Two years ago we summed up the first three years of the Obama Administration by comparing it to the movie "Groundhog Day." It's hard to believe Washington still is frozen in time. But here we go again. The Federal Reserve kept its printing press running longer than usual on this go around. The bell finally has tolled, though. Commodity inflation is beginning to gain momentum. Monetary policy has begun its pendulum swing in the other direction. At this stage in the economic cycle that normally would be a positive development. Rising prices would signal a pick-up in production, wages, and well-being. Real output is not expanding, though. This is the fourth time the Fed has withdrawn its quantitative easing activities since the economy collapsed in 2008. And it will be the fourth time it's done so without anything to show it. (Except $2.5 trillion in excess bank reserves, which nobody knows what to do with.)
Washington implemented a crackpot stimulus plan in 2009. It didn't prime the pump. The spending went into pet projects instead of tried and true building blocks like highway and airport construction, investment credits, and employment incentives. It's understandable that the Obama Administration paid back its supporters, having just won the election. Once those gifts were handed out, though, it needed to get serious. Regrettably, the pet projects have continued. The Federal Reserve has been hung out to dry. There is no fiscal plan to put all that money to productive work. Here we go again.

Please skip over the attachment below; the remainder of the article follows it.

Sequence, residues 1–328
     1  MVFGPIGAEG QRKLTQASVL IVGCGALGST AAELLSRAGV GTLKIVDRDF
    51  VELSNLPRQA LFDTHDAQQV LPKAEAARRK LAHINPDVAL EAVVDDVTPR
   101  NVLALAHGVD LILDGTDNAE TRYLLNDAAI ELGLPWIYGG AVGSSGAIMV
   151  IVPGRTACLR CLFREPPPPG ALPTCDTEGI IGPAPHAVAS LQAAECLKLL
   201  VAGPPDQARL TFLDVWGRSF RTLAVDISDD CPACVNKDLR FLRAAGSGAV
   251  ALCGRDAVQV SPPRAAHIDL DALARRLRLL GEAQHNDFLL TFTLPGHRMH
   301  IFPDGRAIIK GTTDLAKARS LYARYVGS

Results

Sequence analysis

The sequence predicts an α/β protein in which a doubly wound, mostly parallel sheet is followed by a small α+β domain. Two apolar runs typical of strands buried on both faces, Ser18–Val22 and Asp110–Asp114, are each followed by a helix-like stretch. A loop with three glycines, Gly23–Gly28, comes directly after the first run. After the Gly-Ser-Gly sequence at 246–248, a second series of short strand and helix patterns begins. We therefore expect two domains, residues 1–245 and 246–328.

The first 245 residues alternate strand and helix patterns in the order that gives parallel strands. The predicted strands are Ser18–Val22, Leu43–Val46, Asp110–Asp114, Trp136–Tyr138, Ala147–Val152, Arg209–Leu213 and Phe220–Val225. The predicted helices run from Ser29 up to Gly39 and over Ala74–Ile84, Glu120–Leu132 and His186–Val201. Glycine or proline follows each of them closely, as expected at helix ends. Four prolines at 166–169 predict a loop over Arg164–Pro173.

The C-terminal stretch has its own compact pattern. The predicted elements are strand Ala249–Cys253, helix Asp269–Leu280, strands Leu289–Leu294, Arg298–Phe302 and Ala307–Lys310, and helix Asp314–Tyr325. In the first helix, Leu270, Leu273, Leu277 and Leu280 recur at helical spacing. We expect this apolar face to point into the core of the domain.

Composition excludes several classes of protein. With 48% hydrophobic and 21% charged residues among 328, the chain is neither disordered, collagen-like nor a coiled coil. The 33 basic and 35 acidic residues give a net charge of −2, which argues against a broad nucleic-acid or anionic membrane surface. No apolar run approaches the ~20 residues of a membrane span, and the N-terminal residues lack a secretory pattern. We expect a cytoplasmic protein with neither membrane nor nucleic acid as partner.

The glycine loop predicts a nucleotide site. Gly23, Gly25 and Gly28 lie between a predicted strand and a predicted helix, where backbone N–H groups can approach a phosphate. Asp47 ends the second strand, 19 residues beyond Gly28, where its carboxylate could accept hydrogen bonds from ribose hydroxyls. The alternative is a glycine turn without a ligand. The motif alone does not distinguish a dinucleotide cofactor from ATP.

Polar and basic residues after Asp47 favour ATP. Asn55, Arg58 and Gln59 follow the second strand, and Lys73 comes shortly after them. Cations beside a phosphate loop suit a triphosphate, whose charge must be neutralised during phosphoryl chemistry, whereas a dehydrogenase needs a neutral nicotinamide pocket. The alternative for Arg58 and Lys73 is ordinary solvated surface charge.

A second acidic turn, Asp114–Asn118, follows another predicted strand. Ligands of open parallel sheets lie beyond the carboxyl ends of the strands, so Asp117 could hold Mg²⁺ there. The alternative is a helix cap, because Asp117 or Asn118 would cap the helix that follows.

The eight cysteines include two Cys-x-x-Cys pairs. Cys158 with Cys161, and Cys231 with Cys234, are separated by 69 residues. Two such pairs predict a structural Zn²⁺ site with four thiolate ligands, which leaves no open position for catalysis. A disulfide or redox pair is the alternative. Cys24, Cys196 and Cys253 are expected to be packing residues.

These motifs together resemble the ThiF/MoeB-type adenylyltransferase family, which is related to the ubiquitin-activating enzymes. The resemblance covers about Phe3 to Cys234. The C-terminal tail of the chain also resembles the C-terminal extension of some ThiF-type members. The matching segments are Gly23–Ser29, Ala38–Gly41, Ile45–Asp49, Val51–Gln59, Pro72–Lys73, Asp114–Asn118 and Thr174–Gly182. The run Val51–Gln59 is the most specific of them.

The stock market has seen the handwriting on the wall. In January we pointed out that biotechnology and new age software stocks were trading at elevated levels, fueled by Benjamin Bernanke's easy money. The business fundamentals weren't there to support those valuations in the event the cash was removed. In fact, the punch bowl hasn't been taken away yet. The Federal Reserve is continuing to buy $55 billion of bonds every month. The plan is to reduce those purchases over the rest of 2014, though. Wall Street wasn't sure how to respond the first three times that happened. This time it knows what to do. It's selling.
Most market experts predict the pullback will be contained to the high fliers. That could be an optimistic view of things. Earnings and sales have stalled in the March quarter. The weather may have contributed to that. But things aren't picking up that much. Low interest rates probably will support equity prices even if earnings growth flat lines in upcoming periods. But P/E multiples in general are at the high end of their historic range. If investors conclude that Quantitative Easing alone isn't capable of fueling a rebound -- ever -- those valuations may come down. The stock market won't "look over the valley" if all it sees is an endless plain.
"The business of America is business." Today the Government is interfering with that. Pockets of innovation always spring up in this country, though. Energy, medical technology, software, and industrial automation are creating a better life despite the obstacles of regulation, taxes, and ineffective programs. Companies with unique products and services can succeed in virtually any environment. Our advice is to remain invested in a diversified portfolio of Special Situation stocks. Let us worry about the general market.